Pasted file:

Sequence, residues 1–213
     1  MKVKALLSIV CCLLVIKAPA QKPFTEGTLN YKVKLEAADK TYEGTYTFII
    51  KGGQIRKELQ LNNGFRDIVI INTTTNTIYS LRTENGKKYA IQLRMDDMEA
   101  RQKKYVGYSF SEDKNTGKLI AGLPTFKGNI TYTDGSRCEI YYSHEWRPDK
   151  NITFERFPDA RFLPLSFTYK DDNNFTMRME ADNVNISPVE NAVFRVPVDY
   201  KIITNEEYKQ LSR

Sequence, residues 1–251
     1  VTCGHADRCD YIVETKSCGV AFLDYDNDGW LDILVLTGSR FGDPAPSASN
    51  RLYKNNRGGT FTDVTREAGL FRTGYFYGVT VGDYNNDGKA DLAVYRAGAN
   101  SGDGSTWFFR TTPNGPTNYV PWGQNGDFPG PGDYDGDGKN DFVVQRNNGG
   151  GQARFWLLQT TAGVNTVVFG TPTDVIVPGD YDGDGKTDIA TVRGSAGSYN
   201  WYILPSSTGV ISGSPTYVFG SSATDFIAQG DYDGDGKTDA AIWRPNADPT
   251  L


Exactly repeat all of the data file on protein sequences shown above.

Sequence, residues 1–213
     1  MKVKALLSIV CCLLVIKAPA QKPFTEGTLN YKVKLEAADK TYEGTYTFII
    51  KGGQIRKELQ LNNGFRDIVI INTTTNTIYS LRTENGKKYA IQLRMDDMEA
   101  RQKKYVGYSF SEDKNTGKLI AGLPTFKGNI TYTDGSRCEI YYSHEWRPDK
   151  NITFERFPDA RFLPLSFTYK DDNNFTMRME ADNVNISPVE NAVFRVPVDY
   201  KIITNEEYKQ LSR

Sequence, residues 1–251
     1  VTCGHADRCD YIVETKSCGV AFLDYDNDGW LDILVLTGSR FGDPAPSASN
    51  RLYKNNRGGT FTDVTREAGL FRTGYFYGVT VGDYNNDGKA DLAVYRAGAN
   101  SGDGSTWFFR TTPNGPTNYV PWGQNGDFPG PGDYDGDGKN DFVVQRNNGG
   151  GQARFWLLQT TAGVNTVVFG TPTDVIVPGD YDGDGKTDIA TVRGSAGSYN
   201  WYILPSSTGV ISGSPTYVFG SSATDFIAQG DYDGDGKTDA AIWRPNADPT
   251  L